In previous meetings, we have touched upon the fact that pharmacists have many directions they need to lead. While this is true for pharmacists, it is also true for everyone else. We all need to lead to lead up, down and across.
Who is “UP”?
It is probably best to start off with some definitions. After all, we might as well be on the same page. My definition of leading up is how we influence anyone that has direct authority over you. In a work situation, it would be your boss. At home, it may be your spouse or your parent. While these relationships have a different rigidity to them, we understand that if your spouse or parent “asks” you to do something, for all intents and purposes, they are “telling” you to do something. (Surely, I am not the only one to ever emerge from the bedroom to be greeted with the question, “You aren’t going to wear that, are you?”)
Maybe, just maybe, this idea of leading up sounds uncomfortable to you. It probably does. It is likely due to not recognizing the need or the opportunity to lead up. I cannot even put a number on the conversations I have with people about the issues they have with their bosses.
Consider this: if you have ever been frustrated at work, you likely need to lead up.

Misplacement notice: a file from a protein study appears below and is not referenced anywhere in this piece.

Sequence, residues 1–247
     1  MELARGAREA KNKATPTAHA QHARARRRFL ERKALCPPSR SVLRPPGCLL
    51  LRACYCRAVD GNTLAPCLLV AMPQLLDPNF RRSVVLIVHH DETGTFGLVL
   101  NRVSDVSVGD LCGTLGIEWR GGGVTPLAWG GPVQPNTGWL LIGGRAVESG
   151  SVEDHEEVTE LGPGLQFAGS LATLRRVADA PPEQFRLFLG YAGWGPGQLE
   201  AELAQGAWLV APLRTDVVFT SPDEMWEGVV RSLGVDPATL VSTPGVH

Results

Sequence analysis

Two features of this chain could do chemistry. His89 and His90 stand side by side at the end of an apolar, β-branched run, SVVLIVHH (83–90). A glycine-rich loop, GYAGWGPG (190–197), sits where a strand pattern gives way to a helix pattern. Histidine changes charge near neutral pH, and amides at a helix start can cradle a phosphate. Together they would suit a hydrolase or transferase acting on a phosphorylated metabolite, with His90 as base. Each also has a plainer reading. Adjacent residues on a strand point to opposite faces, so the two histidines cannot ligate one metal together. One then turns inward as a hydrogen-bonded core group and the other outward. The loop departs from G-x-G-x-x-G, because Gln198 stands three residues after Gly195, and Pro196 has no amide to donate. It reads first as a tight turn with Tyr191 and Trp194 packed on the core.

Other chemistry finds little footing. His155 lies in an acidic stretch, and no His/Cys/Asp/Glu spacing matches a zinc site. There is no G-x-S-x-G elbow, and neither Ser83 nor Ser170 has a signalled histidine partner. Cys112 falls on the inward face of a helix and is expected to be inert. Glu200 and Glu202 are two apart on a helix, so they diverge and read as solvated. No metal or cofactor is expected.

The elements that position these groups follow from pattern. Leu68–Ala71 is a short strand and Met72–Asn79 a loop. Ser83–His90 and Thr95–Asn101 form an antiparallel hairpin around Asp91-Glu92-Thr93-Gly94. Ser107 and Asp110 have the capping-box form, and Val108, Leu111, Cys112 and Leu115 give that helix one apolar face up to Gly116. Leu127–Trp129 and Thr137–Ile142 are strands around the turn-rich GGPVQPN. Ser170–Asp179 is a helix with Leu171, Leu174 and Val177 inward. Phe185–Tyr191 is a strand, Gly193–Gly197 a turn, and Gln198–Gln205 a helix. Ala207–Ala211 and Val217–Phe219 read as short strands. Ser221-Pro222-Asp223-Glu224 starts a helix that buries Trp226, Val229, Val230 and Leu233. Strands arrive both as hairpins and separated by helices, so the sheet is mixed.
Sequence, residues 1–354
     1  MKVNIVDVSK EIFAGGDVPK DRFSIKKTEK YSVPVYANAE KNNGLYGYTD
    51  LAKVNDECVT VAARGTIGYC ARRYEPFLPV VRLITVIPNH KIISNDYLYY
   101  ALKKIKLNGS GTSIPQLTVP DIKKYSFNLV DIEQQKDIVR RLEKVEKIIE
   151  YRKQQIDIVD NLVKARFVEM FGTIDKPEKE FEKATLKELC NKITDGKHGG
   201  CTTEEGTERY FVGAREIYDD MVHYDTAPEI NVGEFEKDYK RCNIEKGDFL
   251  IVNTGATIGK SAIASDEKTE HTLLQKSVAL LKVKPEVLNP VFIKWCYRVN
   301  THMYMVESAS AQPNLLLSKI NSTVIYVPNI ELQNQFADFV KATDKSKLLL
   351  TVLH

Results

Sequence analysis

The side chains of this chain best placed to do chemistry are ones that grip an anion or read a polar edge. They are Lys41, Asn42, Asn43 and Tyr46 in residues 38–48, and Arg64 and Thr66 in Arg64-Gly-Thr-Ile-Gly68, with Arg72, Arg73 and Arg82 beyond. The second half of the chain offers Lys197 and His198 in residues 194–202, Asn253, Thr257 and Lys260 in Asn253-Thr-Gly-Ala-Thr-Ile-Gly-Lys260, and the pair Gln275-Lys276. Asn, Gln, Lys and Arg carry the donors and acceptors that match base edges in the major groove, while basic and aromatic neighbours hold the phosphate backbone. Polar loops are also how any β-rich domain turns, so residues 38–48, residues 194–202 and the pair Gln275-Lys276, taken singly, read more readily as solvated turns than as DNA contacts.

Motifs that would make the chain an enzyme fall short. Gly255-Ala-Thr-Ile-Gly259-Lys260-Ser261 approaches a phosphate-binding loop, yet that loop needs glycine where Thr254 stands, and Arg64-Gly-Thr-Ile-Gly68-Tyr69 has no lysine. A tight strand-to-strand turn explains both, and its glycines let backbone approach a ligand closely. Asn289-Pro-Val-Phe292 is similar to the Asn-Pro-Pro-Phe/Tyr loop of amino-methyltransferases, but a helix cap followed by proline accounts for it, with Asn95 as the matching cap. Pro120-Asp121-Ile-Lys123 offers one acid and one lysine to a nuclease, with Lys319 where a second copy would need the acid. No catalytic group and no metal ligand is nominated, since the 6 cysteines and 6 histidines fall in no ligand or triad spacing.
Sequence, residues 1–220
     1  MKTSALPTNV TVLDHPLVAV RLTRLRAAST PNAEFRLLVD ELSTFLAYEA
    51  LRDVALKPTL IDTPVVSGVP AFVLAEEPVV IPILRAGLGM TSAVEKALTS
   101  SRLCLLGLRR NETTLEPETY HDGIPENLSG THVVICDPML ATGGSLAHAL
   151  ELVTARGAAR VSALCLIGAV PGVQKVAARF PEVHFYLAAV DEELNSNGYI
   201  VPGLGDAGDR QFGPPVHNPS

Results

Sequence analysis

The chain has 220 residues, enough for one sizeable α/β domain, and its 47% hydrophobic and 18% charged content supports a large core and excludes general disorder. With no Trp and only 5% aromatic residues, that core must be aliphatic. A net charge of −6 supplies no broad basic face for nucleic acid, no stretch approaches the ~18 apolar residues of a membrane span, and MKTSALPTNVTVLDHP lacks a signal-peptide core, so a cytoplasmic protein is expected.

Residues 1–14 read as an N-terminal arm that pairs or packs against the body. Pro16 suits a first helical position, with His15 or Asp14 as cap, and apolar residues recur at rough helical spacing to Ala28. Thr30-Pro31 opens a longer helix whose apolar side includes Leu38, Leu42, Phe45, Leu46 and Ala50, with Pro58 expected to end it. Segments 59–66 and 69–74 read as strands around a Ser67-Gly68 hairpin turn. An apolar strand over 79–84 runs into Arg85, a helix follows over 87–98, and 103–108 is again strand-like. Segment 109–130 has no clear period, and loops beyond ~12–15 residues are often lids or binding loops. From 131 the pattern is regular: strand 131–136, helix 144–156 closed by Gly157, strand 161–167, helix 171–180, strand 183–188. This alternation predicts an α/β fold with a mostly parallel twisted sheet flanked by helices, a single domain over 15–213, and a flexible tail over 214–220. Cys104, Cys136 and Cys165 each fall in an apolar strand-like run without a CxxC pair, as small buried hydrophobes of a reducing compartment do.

When the shingles vaccine was first made available, we were in the early stages of building out our immunization program. We had a limited number of immunizing pharmacists, and they were peppered all over the place. Now add to that a couple of complexities with the vaccine. The first was that patients 65 years old and older were required to get the vaccine at the pharmacy. The second was that many local governing bodies did not yet allow this. Where I come from, we call this a conundrum!
I saw this as a huge opportunity. There were hundreds of patients in the communities we serve who were eligible for the vaccine and were essentially cut off from this treatment because of reasons beyond their control. So, my colleague, Ben, and I started to work this through. We understood that while we could process the product at the pharmacy, we couldn’t administer the product at the pharmacy. But that didn’t mean someone else couldn't.
So, we worked out this quick and dirty business plan on how we could hire nurses, who could administer the vaccine, to come into the pharmacy for three or four hours and we would schedule appointments every 5-10 minutes. Keep in mind, there was huge frustration in the marketplace. Pharmacies were being contacted every day by people looking to be vaccinated. Pharmacy managers were turning away thousands of dollars in revenue and profit. They were hurting for a solution.
What did I do? Come back next week to found out.
Until next time –
Jesse McCullough, PharmD
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